NEW YORK, May 20 (Reuters) - The Federal Reserve's
determination to raise interest rates until it squashes the
highest inflation in decades is darkening the outlook across
Wall Street, as U.S. stocks stand on the cusp of a bear market
and warnings of a recession grow louder.
At issue is the so-called Fed put, or investors belief that
the Fed will take action if stocks fall too deeply, even though
it has no mandate to maintain asset prices. One oft-cited
example of the phenomenon, which is named after a hedging
derivative used to protect against market falls, occurred when
the Fed halted a rate hiking cycle in early 2019 after a stock
This time around, the Feds insistence that it will raise
rates as high as needed to tame surging inflation has bolstered
the argument that policymakers will be less sensitive to market
volatility - threatening more pain for investors.
A recent survey by BofA Global Research showed fund managers
now expect the Fed to step in at 3,529 on the S&P 500,
compared with expectations of 3,700 in February. Such a drop
would constitute a 26% decline from the S&Ps Jan. 3 closing
The index, which closed Friday at 3,901.36, is already down
almost 19% from that high this year on an intraday basis - close
to the 20% decline that would confirm a bear market, according
to some definitions.
"The Fed has bigger fish to fry and that's the inflation
problem," said Phil Orlando, chief equity market strategist at
Federated Hermes, who is increasing his cash levels. "The 'Fed
put' is kaput until the central bank is confident that they're
no longer behind the curve."
As a result, some investors are digging in for a long slog.
BofAs survey showed cash allocations at a two-decade high,
while bets against technology stocks stand at their highest
Strategists at Goldman Sachs, meanwhile, earlier this week
published a Recession manual for US equities in response to
client inquiries on how stocks will perform in a downturn.
Barclays analysts said that numerous negative near-term
catalysts mean the risks for stocks remain firmly stacked to
The S&P 500 closed broadly unchanged on Friday, reversing a
sharp intraday decline that had briefly put it into bear market
territory. The index marked its seventh straight week of losses,
the longest streak since 2001.
Jason England, global bonds portfolio manager at Janus
Henderson Investors, believes the index needs to fall at least
another 15% for the Fed to slow its tightening, given that
unprecedented monetary policy support helped stocks more than
double from their March 2020 lows.
"The Fed is being very clear that there will be some pain
ahead," he said.
The Fed has already raised rates by 75 basis points and is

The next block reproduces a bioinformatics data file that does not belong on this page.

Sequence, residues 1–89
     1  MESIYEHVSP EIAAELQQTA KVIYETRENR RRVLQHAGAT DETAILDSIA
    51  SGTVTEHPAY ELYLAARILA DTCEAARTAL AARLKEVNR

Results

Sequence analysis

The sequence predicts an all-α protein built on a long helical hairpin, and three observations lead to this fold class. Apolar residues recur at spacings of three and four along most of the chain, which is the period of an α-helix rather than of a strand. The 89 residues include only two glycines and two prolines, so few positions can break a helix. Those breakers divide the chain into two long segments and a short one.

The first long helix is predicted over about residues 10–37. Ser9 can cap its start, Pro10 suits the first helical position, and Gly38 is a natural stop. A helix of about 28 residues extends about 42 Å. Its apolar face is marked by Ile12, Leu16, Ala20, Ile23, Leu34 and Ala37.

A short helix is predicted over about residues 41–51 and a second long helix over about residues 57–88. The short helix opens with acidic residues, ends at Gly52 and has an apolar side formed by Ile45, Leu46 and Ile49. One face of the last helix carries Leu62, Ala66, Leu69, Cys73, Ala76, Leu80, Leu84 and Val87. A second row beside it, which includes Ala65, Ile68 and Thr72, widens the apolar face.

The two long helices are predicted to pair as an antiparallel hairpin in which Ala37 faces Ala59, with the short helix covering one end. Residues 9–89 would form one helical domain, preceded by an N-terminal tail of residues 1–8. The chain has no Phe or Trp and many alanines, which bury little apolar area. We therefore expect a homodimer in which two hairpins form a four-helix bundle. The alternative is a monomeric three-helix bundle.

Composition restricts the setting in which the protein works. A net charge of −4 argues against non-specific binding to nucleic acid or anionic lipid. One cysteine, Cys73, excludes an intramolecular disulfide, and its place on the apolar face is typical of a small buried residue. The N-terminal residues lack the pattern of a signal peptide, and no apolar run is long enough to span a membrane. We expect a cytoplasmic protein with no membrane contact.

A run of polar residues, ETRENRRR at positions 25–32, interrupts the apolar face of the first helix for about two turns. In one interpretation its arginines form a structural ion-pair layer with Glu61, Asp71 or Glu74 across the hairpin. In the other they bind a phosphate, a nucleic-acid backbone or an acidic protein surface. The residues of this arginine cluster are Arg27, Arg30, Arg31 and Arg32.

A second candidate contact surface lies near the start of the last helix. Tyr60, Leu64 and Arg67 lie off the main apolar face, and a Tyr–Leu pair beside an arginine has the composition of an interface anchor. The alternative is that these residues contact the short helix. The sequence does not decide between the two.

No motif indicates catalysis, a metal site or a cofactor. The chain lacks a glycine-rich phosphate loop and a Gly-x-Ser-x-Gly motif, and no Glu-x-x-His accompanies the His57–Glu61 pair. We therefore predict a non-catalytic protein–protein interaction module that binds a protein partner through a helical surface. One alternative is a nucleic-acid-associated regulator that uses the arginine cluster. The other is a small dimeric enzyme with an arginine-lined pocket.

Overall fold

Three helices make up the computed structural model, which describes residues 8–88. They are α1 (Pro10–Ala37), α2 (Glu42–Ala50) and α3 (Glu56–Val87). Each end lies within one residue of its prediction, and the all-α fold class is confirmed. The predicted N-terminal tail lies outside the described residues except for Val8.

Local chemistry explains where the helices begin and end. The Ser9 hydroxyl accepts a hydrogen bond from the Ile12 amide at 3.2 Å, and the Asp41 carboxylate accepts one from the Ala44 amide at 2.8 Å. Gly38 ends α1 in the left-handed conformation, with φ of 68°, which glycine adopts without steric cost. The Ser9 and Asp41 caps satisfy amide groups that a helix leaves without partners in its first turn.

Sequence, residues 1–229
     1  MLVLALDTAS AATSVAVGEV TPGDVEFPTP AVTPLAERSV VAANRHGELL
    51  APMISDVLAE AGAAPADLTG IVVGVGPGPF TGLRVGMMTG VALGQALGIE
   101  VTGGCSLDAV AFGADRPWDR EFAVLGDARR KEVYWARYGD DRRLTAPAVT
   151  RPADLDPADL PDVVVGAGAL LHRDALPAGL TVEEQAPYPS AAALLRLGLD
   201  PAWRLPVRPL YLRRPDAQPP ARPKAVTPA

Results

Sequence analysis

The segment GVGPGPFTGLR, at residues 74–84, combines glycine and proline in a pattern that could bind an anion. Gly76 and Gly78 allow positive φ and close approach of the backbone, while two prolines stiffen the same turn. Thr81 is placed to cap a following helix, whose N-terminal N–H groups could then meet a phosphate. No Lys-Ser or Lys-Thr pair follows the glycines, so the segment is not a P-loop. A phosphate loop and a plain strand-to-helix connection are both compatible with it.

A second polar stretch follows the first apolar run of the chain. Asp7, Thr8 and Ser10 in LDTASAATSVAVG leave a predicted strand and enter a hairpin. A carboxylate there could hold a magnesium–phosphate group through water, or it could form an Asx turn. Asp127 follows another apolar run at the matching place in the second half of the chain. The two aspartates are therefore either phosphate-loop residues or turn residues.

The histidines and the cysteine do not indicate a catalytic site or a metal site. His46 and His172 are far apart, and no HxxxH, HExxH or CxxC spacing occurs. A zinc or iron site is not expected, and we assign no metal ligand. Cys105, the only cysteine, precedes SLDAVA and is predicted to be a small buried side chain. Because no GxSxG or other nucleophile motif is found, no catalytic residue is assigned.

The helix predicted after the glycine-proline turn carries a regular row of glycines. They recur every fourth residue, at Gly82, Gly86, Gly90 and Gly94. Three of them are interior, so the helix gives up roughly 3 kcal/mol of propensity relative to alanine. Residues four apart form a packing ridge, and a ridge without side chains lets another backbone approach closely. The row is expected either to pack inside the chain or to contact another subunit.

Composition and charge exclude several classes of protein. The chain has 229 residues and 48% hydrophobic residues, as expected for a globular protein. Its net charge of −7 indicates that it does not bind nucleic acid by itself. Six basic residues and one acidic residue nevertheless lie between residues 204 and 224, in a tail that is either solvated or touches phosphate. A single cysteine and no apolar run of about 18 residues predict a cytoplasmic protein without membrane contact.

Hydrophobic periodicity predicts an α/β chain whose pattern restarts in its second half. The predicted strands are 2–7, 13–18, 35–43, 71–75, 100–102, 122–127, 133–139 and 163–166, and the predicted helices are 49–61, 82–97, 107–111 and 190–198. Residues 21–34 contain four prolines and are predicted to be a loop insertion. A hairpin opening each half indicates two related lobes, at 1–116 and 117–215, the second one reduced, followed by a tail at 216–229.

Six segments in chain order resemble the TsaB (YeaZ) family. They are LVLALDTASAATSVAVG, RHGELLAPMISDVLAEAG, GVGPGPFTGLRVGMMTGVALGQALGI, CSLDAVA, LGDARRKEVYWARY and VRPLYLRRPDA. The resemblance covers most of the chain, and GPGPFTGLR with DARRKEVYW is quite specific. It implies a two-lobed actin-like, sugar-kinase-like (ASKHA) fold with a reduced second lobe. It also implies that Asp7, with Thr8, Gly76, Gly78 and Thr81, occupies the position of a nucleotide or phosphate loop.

expected to tighten monetary policy by 193 basis points this
year. Investors will get more insight into the
central bank's thinking when minutes from its last meeting are
released on May 25.
Some worry the Fed risks exacerbating volatility if it does
not heed possible danger signs from asset prices. Analysts at
the Institute of International Finance said stocks may be
subject to the same type of selling that rocked markets in late
2018, when many investors believed the Fed tightened monetary
policy too far.
In the past, rising uncertainty and mounting recession risk
have had important effects on investor psychology, making
markets less tolerant of monetary policy tightening that is seen
as no longer warranted, IIF analysts wrote on Thursday. The
risk of a similar market tantrum (to 2018) is rising again now
as markets fret about global recession.
There have been signs of resilient sentiment among
investors. For example, the Cboe Volatility Index, known
as Wall Streets fear gauge, is elevated but below levels it
reached during previous major selloffs.
And the ARK Innovation Fund, which became
emblematic of the pandemic rally, has brought in net positive
inflows of $977 million over the last six weeks, Lipper data
showed. The fund is down 57% in 2022.
While some investors say those are signals that markets are
yet to bottom, others are more hopeful.
Terri Spath, chief investment officer at Zuma Wealth,
believes some investors are re-entering parts of the stock
market that have suffered outsized losses.
"The Fed is already seeing signs that they won't be needed
as a buyer of last resort," she said.
Analysts at Deutsche Bank are less optimistic.
"The Fed having badly erred on the side of excess inflation
in 2020/21, cannot afford to make the same mistake twice - which
favors more financial conditions tightening, and ongoing high
(volatility) panicky markets," they wrote.
(Reporting by David Randall in New York
Editing by Ira Iosebashvili and Matthew Lewis)